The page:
You will need to review the policy for the details and exceptions etc. However you should keep this in mind, oil tanks generally are test on the four sides for leakeage, not below the tank.
With that being said it is best to get the tank removed and put above ground and the state has a grant available that covers the cost for this (generally) and then you can ensure there is no leakage below.
Hope this helps!
John W. Davis Jr., VREP
RE/MAX Village Square - Upper Montclair
Office: 973-509-2222 x174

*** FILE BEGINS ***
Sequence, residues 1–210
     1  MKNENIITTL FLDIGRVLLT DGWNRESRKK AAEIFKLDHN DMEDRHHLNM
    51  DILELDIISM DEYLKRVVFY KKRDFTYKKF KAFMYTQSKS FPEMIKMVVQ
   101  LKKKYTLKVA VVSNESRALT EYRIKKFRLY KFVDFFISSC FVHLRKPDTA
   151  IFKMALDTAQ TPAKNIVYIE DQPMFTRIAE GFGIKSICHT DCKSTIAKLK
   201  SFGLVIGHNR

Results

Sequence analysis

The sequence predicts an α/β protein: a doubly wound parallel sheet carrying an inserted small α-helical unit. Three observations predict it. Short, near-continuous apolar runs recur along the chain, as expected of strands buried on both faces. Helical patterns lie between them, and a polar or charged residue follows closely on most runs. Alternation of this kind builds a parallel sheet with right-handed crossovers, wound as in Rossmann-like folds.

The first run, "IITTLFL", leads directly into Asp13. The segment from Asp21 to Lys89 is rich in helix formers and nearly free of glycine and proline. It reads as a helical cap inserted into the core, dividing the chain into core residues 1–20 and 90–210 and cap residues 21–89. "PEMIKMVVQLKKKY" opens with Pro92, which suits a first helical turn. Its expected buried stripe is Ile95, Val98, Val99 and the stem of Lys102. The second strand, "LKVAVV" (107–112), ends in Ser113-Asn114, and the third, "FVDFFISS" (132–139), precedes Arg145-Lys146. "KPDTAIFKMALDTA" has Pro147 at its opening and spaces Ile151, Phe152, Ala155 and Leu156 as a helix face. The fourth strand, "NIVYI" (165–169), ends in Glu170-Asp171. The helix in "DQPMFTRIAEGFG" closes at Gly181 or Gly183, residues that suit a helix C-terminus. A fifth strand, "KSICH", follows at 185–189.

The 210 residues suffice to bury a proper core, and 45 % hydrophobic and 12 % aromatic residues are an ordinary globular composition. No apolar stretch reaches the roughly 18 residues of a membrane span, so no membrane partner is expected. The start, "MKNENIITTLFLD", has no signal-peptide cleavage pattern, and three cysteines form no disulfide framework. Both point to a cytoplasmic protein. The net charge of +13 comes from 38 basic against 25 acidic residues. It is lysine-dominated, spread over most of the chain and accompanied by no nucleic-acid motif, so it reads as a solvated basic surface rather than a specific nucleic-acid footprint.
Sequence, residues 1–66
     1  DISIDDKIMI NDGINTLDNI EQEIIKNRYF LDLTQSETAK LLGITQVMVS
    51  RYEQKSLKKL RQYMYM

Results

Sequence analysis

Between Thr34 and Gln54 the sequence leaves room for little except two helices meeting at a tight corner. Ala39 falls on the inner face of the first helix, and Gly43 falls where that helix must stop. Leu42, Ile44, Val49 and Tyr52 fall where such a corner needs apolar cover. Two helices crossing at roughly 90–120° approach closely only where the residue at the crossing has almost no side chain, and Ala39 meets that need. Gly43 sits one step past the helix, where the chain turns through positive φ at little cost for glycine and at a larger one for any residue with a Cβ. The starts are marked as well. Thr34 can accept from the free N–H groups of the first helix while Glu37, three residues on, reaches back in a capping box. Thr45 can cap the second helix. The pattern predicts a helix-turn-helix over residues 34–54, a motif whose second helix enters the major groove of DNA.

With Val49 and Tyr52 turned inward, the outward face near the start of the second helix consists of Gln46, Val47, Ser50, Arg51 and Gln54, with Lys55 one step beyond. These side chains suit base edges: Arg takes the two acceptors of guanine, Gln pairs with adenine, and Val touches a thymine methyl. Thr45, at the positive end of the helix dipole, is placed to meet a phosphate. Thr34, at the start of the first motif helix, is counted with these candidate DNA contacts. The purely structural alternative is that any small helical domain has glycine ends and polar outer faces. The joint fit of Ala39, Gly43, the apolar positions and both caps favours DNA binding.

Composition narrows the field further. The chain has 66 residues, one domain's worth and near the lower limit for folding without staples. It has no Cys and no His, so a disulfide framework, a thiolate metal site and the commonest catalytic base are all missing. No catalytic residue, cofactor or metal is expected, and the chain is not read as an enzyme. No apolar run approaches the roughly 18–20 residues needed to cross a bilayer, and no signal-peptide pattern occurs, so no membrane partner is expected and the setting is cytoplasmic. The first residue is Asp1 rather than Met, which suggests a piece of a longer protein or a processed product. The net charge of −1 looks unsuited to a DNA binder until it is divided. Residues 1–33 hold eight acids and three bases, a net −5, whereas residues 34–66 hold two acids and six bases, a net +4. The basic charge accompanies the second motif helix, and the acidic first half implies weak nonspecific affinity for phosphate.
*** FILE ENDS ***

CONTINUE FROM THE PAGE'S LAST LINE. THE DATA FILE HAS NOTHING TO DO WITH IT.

Community Information: http://community.njpads.com
Customized Market Information: http://market.njpads.com
I am being told my some to test the tank. If the tank fails then the seller is 100 percent responsible for removal and replacement along with clean up. If the testing passes the test i am left with a ticking time bomb so to speak. This house is everything we wanted and then some and the price is below market value. There is minimal issues on home inspection. The tank seems to be the only issue and a big one at that. I need help in making this decision!!
HAVE SELLER PULL IT!!!
I think you need to simply have the seller remove the tank and provide a bona fide closure certificate, or move on to another house. That tank has to come out, not be tested.
You don't want to inherit this problem under any circumstances.